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Wednesday, September 19, 2012

PowerPoint Presentation On Microsoft Office PowerPoint 2007 Training

PPT On Microsoft Office PowerPoint 2007 Training

Microsoft Office PowerPoint 2007 Training Presentation Transcript:
1. Microsoft Office PowerPoint 2007 Training
[Notes to trainer:
For detailed help in customizing this template, see the very last slide. Also, look for additional lesson text in the notes pane of some slides.
Because this presentation contains a Macromedia Flash animation, saving the template may cause a warning message to appear regarding personal information. Unless you add information to the properties of the Flash file itself, this warning does not apply to this presentation. Click OK on the message.]

2. Course contents
Overview: A hands-on introduction
Lesson 1: Get your bearings—what’s changed and why
Lesson 2: Get to work in PowerPoint
Lesson 3: A new file format

3. Overview: A hands-on introduction
When you first open PowerPoint 2007, you’ll see that the user interface has changed. A new structure is in place for PowerPoint commands. This new design will help you more easily find and use the features you need and create great presentations. This course will give you a head start with what’s changed and why. After learning what’s new, you won’t want to turn back.

4. Course goals
Gain an understanding of how the new user interface works, and learn to use it with confidence.
Find out how to do the things you typically do to create and prepare a presentation.
Learn to use the new file format in PowerPoint in the way that’s best for you.

5. Get your bearings—what’s changed and why
In this lesson, you’ll get some background on the Ribbon’s design and see its structure in detail so that you start to feel comfortable using it. You’ll also find out about other aspects of PowerPoint 2007, like keyboard shortcuts, the Quick Access Toolbar, and more.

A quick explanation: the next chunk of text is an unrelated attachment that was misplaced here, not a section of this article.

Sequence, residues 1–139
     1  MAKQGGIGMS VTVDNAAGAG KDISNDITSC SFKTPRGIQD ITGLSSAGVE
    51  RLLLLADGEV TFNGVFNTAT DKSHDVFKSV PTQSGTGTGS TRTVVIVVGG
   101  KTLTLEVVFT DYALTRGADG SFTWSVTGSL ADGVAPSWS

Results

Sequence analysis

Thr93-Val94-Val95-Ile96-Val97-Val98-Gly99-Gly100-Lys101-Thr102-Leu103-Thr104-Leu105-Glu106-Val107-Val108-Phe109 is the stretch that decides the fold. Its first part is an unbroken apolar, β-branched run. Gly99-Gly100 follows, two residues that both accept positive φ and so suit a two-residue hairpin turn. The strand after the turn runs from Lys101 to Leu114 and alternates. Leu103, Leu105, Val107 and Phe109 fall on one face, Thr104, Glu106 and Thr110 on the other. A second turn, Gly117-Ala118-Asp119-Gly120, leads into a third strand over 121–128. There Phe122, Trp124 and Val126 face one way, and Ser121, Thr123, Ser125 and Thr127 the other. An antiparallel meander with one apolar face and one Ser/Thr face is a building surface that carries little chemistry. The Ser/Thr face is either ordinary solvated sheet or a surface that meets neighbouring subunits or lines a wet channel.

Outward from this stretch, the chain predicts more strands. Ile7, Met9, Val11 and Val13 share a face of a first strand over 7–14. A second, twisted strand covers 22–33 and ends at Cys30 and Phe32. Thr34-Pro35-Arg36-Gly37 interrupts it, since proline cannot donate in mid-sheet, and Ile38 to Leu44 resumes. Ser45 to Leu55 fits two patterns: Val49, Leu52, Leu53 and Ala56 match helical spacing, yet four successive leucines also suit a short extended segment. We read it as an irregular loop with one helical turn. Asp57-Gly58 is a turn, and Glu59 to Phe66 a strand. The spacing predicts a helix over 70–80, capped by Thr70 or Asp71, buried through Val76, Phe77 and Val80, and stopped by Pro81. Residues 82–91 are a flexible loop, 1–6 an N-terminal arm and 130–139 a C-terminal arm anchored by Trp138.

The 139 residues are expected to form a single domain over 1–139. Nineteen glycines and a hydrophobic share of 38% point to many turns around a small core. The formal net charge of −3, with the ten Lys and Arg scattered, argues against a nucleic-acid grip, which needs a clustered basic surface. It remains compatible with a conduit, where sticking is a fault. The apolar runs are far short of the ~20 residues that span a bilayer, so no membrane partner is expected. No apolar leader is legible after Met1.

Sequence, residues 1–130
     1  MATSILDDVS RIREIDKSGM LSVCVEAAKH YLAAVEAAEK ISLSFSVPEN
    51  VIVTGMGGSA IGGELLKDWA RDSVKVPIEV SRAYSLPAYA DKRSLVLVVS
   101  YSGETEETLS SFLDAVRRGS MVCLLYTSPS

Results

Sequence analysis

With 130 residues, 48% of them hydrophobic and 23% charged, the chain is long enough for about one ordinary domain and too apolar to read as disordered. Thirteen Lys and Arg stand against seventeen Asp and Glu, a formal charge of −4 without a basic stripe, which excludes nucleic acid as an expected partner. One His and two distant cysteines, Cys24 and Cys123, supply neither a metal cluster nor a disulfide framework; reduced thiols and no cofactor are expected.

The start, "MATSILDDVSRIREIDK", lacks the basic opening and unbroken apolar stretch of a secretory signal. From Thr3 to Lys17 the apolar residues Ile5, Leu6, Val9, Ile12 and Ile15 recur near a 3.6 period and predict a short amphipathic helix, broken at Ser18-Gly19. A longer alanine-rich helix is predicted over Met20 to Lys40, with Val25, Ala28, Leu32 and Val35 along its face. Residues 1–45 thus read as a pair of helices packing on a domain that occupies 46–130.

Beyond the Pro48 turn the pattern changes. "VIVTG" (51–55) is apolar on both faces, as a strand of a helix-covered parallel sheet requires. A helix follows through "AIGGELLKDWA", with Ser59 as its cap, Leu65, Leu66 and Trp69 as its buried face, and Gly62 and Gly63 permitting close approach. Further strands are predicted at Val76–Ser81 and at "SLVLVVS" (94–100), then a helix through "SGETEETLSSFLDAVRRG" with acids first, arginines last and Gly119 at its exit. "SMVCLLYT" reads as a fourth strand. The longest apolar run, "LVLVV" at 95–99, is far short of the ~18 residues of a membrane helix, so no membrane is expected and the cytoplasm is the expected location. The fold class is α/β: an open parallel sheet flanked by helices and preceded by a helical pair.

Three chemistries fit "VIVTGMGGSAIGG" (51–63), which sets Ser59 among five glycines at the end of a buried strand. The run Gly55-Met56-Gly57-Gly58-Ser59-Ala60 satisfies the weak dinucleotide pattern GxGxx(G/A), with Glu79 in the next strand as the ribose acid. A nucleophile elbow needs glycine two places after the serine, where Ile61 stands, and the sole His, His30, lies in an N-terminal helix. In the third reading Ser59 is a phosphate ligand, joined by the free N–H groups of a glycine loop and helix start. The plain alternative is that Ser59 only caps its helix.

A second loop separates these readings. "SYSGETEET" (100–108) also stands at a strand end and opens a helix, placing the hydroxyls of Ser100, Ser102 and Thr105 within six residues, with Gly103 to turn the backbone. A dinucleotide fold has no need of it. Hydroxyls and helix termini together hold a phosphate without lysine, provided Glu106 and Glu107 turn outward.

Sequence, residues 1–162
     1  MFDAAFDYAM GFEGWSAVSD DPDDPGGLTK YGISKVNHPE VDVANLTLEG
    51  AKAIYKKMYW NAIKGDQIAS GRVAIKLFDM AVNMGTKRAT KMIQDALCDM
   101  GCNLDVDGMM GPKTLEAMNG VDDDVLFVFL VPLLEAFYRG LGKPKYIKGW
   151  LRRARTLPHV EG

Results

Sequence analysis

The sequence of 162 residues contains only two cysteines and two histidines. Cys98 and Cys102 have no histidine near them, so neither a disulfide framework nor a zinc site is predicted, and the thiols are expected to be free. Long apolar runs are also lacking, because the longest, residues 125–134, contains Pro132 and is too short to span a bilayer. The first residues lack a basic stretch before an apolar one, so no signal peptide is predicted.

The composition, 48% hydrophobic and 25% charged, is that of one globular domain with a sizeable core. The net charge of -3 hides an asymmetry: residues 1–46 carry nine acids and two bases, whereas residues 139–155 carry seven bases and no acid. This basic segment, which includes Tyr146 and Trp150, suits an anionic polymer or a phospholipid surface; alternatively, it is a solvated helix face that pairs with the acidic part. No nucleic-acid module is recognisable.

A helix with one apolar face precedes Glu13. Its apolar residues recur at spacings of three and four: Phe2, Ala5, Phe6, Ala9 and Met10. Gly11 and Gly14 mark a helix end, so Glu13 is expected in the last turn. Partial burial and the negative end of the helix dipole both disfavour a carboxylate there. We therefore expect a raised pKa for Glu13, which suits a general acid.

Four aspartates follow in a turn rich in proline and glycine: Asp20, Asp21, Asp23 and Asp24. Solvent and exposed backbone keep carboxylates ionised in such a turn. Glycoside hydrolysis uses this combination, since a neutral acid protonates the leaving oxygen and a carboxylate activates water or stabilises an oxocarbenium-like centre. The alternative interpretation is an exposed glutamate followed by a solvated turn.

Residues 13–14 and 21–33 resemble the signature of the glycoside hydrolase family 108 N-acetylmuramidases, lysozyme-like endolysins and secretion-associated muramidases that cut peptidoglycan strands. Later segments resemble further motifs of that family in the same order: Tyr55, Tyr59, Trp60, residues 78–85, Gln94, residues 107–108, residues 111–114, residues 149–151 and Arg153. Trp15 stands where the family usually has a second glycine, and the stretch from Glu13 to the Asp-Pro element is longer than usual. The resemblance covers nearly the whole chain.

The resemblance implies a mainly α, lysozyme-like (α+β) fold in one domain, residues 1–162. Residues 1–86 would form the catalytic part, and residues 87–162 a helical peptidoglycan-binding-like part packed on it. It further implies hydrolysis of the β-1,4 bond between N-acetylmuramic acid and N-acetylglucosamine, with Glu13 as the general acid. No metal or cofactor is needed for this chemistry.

6. The Ribbon
This set of most-used commands extends across the first layer, or tab, of the Ribbon, called the Home tab. Displayed as buttons, text boxes, and menus, these commands support frequent tasks, including copying and pasting, adding slides, changing slide layout, formatting and positioning text, and finding and replacing text. There are other tabs on the Ribbon. Each tab is devoted to a type of work you do when you create a presentation. Buttons on each tab are arranged in logical groups. The most popular buttons in each group are the largest. Even newer commands that customers have asked for but may not have discovered in earlier versions are now much more visible. The animation gives you an idea of how all this looks. [Note to trainer: To play the animation when viewing the slide show, right-click the animation and click Play. After playing the file once, you may have to click Rewind (after right-clicking) and then click Play. If you’re clicking the slide to make text enter or to advance to the next slide but nothing’s happening, click away from the animation. Sometimes you have to click twice. If you have problems viewing the animation, see the notes for the last slide in this presentation about playing a Macromedia Flash animation. If you still have problems viewing the animation, the slide that follows this one is a duplicate slide with static art. Delete either the current slide or the next slide before showing the presentation.]

7. The Ribbon
Why revamp the old command system? Because the new system better supports how you work in PowerPoint. Research shows that people favor certain commands and tend to use them over and over. So now those commands are the most prominent and visible—you don’t have to hunt for them on menus or toolbars that aren’t displayed.

8. For more please refer our PPT. Thank You.

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